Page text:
A Whole New Mind Book Summary - A Whole New Mind Book explained in key points
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A Whole New Mind summary

Why Right-Brainers Will Rule the Future

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Brief summary

A Whole New Mind by Daniel Pink is a thought-provoking book that argues artistic and creative skills are becoming essential in the 21st century. It offers actionable steps to develop these skills while adapting to the changing world of work.

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    A Whole New Mind
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    Our brain has two parts: the left hemisphere for details and the right hemisphere for more holistic, big-picture thinking.

    Since ancient times, people have assumed a division of the brain into a left and a right hemisphere, a neurological divide that has been supported by modern science.

    While today we know that every activity we engage in requires cooperation between both the right and left hemisphere, we are also aware that each hemisphere takes the dominant role in certain activities. Generally, we can say that the left hemisphere focuses on breaking things into details, while the right hemisphere is in charge of providing the broader picture.

    These differing roles can be seen, for instance, in the context of language use. Much of our language originates in the left hemisphere, where we process symbols in sequence (for example, when reading). However, the right hemisphere also plays an important role by allowing us to take a step back from the language itself and interpret the context of the message. Without our right cerebral hemisphere, we would not be able to understand irony or metaphors.

    Reasoning is another area where the hemispheres have different, complementary roles:

    Responses that originate from the left are derived from what we have learned in the past. If someone points a gun at you, it’s the left hemisphere that tells you to be alarmed because you have learned that guns are dangerous.

    The right hemisphere, on the other hand, doesn’t recognize the gun, but it can draw on more intuitive knowledge and recognize other signs of danger, like an angry facial expression. The fact that all cultures tend to interpret facial expressions similarly illustrates how natural and intuitive these functions of the right hemisphere are.

    We have always sought to understand which part of our brain is responsible for different activities. Today we know that although the two halves are constantly cooperating, they specialize in different ways of thinking.

    Our brain has two parts: the left hemisphere for details and the right hemisphere for more holistic, big-picture thinking.

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    What is A Whole New Mind about?

    In an age where computers and well-trained workers from low-paid countries are taking over even white-collar jobs, what can you do to stand out? As we move out of the Information Age and into a new Conceptual Age, the answer is to start embracing the aptitudes associated with the right side of your brain, which were previously thought of as less valuable than analytical left-brain skills.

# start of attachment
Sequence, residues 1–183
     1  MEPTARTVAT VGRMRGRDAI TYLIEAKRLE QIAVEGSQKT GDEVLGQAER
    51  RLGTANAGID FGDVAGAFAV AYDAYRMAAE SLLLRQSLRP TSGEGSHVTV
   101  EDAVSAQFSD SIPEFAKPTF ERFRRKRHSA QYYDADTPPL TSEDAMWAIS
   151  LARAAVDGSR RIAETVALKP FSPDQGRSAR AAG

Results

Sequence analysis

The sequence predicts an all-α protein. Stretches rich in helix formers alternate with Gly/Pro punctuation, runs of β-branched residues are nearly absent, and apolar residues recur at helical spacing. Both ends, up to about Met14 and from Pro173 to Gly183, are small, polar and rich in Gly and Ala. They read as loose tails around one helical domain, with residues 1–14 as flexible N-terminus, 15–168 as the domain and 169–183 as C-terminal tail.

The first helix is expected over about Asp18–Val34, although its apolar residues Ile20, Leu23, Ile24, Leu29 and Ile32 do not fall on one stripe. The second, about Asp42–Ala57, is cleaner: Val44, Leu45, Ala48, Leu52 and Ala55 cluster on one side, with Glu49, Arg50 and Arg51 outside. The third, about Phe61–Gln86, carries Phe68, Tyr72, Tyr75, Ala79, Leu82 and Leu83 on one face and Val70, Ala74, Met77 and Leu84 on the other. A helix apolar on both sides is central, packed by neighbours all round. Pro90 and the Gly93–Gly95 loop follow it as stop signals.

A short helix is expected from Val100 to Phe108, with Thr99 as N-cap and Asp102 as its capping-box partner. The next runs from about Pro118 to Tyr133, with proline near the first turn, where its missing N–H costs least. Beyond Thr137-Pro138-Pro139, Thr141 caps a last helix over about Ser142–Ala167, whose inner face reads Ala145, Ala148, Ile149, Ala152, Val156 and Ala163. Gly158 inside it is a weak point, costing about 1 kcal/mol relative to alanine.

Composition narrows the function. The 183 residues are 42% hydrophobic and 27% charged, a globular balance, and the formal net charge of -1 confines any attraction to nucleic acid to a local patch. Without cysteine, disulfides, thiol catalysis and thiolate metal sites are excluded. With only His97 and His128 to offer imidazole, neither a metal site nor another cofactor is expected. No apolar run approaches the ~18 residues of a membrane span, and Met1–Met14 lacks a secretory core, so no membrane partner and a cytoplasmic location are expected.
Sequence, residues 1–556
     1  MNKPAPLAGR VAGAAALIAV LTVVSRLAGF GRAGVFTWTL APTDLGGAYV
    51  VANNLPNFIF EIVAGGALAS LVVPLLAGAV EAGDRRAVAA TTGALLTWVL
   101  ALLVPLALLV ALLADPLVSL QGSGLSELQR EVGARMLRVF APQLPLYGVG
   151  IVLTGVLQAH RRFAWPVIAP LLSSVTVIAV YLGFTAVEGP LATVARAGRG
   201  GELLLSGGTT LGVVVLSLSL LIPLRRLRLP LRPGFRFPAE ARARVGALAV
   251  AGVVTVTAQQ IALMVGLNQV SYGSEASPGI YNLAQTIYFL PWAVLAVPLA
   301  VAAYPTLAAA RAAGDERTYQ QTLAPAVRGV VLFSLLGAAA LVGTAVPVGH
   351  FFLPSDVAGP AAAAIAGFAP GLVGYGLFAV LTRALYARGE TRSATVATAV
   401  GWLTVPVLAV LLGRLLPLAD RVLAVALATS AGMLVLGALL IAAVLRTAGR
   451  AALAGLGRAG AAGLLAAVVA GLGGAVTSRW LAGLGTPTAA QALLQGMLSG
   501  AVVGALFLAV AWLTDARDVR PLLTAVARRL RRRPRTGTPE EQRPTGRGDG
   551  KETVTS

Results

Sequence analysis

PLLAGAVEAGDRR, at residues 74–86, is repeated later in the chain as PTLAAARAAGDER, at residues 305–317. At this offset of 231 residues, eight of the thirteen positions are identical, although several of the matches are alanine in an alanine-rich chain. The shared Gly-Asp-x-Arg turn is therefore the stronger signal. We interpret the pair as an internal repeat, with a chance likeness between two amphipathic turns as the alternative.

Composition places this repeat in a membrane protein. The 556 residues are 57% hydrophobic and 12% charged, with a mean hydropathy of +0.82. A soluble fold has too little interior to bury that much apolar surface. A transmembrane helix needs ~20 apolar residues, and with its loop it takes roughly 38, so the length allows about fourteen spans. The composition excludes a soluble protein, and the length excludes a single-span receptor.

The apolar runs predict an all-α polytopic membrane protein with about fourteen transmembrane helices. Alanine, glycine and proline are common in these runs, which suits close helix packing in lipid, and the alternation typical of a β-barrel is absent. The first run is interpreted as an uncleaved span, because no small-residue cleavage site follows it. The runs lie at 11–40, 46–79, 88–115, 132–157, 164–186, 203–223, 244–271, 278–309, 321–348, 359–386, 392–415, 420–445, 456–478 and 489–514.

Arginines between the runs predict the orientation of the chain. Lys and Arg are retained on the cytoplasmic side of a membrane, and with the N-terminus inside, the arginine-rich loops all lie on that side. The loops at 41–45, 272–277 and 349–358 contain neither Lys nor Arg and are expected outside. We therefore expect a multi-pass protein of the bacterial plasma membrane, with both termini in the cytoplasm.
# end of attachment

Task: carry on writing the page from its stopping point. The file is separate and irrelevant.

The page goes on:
A Whole New Mind Review

    A Whole New Mind (2005) explores the shift from the Information Age to the Conceptual Age and why it is crucial to develop right-brain thinking skills. Here's why this book is worth reading:

    • It provides fascinating insights on how the roles of creativity, empathy, and imagination are becoming increasingly important in the future job market.
    • Through compelling examples and case studies, it convincingly argues that developing right-brain thinking is essential for personal and professional success in the 21st century.
    • The book's engaging exploration of the six senses—design, story, symphony, empathy, play, and meaning—makes it a captivating read that challenges traditional notions of intelligence.

    Who should read A Whole New Mind?

    • Anyone who wants to discover the difference between 20th-century work and 21st-century work
    • Anyone interested in the concept of “right-brain” thinking
    • Anyone who wants to develop the right skills to succeed at work in the modern age

    About the Author

    Daniel H. Pink is an American author of bestselling books on business, management and work. A Whole New Mind (2005) was a long-running New York Times and BusinessWeek bestseller and has been translated into 20 languages.

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    A Whole New Mind FAQs 

    What is the main message of A Whole New Mind?

    The main message of A Whole New Mind is that the future belongs to creators, empathizers, and big-picture thinkers.

    How long does it take to read A Whole New Mind?

    The reading time for A Whole New Mind varies, but the Blinkist summary can be read in just 15 minutes.

    Is A Whole New Mind a good book? Is it worth reading?

    A Whole New Mind is worth reading as it explores the importance of right-brain thinking in a changing world.

    Who is the author of A Whole New Mind?

    Daniel H. Pink is the author of A Whole New Mind.

    What to read after A Whole New Mind?

    If you're wondering what to read next after A Whole New Mind, here are some recommendations we suggest:
    • Where Good Ideas Come From by Steven Johnson
    • Fooled by Randomness by Nassim Nicholas Taleb
    • The Extended Mind by Annie Murphy Paul
    • The Paradox of Choice by Barry Schwartz
    • The Art of Insubordination by Todd B. Kashdan
    • Making Ideas Happen by Scott Belsky
    • Predictably Irrational by Dan Ariely
    • Financial Literacy for All by John Hope Bryant
    • Moore’s Law by Arnold Thackray
    • ReWork by Jason Fried and David Heinemeier Hansson